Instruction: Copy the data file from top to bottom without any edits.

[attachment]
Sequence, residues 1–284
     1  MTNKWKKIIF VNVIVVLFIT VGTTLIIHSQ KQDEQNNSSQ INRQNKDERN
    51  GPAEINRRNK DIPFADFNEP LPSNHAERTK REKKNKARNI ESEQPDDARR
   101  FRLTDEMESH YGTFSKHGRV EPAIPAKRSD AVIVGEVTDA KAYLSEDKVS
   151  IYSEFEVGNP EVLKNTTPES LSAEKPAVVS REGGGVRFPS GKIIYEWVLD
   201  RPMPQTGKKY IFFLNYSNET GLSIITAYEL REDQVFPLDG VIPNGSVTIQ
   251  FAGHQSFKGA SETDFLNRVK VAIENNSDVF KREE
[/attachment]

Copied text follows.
Sequence, residues 1–284
     1  MTNKWKKIIF VNVIVVLFIT VGTTLIIHSQ KQDEQNNSSQ INRQNKDERN
    51  GPAEINRRNK DIPFADFNEP LPSNHAERTK REKKNKARNI ESEQPDDARR
   101  FRLTDEMESH YGTFSKHGRV EPAIPAKRSD AVIVGEVTDA KAYLSEDKVS
   151  IYSEFEVGNP EVLKNTTPES LSAEKPAVVS REGGGVRFPS GKIIYEWVLD
   201  RPMPQTGKKY IFFLNYSNET GLSIITAYEL REDQVFPLDG VIPNGSVTIQ
   251  FAGHQSFKGA SETDFLNRVK VAIENNSDVF KREE